United Kingdom expels four Russian diplomats

Monday, July 16, 2007

The United Kingdom is expelling four Russian diplomats in an extradition row related to the Alexander Litvinenko case. The Foreign and Commonwealth Office has not named the four Russian diplomats, but according to the BBC, they are intelligence officers.

London's position is immoral.

—Mikhail Kamynin

Russia has refused to extradite the main suspect, Andrei Lugovoi, in the Litvinenko murder case, who is a Russian citizen. Under the "European Convention on Extradition 1957", Russia has the right to refuse the extradition of their citizens, and according to the Article 61 of the Constitution of Russia "The citizen of the Russian Federation may not be deported out of Russia or extradited to another state".

Prime Minister Gordon Brown said he had "no apologies for the action we have taken" in expelling the diplomats. It is necessary to send a "clear and proportionate signal" to Russia, about how seriously the UK regards the matter.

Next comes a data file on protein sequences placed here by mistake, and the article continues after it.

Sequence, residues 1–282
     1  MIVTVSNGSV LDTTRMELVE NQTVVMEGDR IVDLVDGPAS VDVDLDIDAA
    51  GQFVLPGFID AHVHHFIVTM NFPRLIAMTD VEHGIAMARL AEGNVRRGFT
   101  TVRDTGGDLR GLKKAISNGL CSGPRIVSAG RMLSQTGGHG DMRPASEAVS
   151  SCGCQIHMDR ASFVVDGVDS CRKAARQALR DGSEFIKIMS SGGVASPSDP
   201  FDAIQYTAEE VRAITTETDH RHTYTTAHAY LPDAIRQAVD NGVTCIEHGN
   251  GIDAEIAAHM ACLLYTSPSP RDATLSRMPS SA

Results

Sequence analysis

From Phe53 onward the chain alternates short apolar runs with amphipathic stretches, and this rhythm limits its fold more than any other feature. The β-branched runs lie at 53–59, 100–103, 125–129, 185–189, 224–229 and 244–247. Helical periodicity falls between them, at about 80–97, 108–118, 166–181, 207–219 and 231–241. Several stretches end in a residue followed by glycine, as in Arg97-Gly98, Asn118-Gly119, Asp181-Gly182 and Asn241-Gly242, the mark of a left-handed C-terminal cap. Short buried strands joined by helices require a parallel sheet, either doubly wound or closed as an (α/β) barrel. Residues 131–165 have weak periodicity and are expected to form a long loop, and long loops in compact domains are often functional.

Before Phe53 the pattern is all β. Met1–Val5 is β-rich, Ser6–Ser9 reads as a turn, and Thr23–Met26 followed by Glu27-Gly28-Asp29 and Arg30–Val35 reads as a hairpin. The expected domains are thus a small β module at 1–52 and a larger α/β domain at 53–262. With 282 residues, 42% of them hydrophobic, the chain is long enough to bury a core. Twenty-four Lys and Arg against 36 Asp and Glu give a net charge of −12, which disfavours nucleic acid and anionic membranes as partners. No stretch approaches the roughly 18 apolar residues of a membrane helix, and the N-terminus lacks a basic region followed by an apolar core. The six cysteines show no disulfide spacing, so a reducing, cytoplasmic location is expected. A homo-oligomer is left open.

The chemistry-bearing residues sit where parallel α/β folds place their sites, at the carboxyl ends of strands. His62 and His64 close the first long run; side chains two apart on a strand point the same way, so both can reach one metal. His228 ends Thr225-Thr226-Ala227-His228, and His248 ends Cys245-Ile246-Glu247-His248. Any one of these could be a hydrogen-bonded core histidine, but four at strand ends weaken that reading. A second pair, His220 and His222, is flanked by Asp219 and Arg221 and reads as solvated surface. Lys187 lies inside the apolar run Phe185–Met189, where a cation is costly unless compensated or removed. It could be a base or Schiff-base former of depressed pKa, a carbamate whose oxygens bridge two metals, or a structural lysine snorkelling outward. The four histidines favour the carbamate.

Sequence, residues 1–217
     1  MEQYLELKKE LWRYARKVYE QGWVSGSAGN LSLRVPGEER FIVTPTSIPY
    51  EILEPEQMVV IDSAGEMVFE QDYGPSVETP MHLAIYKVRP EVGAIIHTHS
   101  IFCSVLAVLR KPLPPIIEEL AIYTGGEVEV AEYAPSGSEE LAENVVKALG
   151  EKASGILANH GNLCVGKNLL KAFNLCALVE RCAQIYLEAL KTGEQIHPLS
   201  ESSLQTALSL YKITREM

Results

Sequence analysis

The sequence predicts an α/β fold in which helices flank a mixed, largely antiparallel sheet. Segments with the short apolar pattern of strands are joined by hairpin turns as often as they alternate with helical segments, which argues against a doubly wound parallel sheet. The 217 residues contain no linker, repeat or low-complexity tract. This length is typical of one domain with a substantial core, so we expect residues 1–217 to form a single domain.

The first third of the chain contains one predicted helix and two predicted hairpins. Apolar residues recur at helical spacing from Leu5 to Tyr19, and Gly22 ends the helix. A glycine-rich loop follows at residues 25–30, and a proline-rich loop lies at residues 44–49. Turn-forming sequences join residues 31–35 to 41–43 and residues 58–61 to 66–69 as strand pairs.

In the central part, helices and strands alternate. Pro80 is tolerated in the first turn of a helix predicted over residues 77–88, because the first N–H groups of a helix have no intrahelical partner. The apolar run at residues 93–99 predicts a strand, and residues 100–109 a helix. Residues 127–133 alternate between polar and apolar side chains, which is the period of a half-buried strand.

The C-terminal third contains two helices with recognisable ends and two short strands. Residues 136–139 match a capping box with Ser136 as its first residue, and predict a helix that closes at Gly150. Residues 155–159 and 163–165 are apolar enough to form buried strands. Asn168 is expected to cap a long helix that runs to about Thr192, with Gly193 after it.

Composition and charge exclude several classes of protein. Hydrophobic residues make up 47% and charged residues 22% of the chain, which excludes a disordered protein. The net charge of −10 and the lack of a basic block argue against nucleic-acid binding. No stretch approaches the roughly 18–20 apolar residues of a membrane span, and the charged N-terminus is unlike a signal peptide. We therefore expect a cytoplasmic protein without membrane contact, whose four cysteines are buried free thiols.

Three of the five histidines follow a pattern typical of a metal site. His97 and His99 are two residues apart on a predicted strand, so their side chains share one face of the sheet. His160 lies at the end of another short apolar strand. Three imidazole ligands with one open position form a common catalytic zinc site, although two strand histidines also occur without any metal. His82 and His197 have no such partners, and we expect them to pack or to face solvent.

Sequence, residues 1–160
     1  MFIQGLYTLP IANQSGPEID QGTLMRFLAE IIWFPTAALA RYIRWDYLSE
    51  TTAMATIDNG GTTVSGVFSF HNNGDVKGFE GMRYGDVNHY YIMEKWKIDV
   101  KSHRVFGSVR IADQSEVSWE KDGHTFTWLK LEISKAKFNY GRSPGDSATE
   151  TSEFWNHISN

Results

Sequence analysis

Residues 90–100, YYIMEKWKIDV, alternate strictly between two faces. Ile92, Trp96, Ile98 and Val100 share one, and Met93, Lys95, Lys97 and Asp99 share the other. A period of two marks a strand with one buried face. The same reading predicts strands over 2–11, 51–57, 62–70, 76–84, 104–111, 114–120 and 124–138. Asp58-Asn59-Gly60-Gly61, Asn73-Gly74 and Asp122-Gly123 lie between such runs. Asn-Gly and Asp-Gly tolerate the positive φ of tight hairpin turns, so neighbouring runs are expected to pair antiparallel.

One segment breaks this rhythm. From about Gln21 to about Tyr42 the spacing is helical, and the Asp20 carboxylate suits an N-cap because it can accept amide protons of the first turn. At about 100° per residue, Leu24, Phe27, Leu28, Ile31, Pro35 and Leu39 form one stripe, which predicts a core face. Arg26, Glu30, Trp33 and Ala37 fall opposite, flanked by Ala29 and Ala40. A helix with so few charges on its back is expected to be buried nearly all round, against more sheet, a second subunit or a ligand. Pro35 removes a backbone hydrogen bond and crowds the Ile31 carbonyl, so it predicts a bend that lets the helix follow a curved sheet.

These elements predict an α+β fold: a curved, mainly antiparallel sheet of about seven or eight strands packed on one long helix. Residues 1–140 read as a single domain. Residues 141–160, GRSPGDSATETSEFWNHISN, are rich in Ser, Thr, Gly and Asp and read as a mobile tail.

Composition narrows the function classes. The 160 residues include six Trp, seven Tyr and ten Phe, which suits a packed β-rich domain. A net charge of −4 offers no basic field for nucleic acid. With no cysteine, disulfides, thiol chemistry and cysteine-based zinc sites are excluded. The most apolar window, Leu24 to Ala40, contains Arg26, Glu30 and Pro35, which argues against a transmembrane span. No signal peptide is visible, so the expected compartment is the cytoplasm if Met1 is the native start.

No apologies for the action we have taken.

—Gordon Brown

Russia is suggesting that Britain’s request for Lugovoi is hypocritical given that British courts granted political asylum to Boris Berezovsky and Akhmed Zakayev, both of whom are wanted in Russia. “It seems to us that London’s position is immoral, given this background,” said Mikhail Kamynin, spokesperson for the Ministry of Foreign Affairs of Russia, and said it would prompt Russian retaliation. "Moreover, in London they should clearly realise that such provocative actions masterminded by the British authorities will not be left without an answer and cannot but entail the most serious consequences for Russian-British relations," he continued.

In the British House of Commons on Monday, Secretary of State for Foreign and Commonwealth Affairs David Miliband said, "This is a situation the Government has not sought, and does not welcome. However we have no choice but to address it."

In his statement to the Commons, Miliband highlighted the seriousness of the crime against Litvinenko and the subsequent danger to the community. "The facts...are therefore that a UK citizen has suffered a horrifying and lingering death. His murder put hundreds of others, residents and visitors, at risk of radiation contamination. And the UK Government has a wider duty to ensure the safety of the large Russian community living in the UK."

Miliband indicated that Russia is an important ally, but co-operation with Russia on a range of issues is under review. "The heinous crime of murder does require justice," said Miliband. "This response is proportional and it is clear at whom it is aimed."



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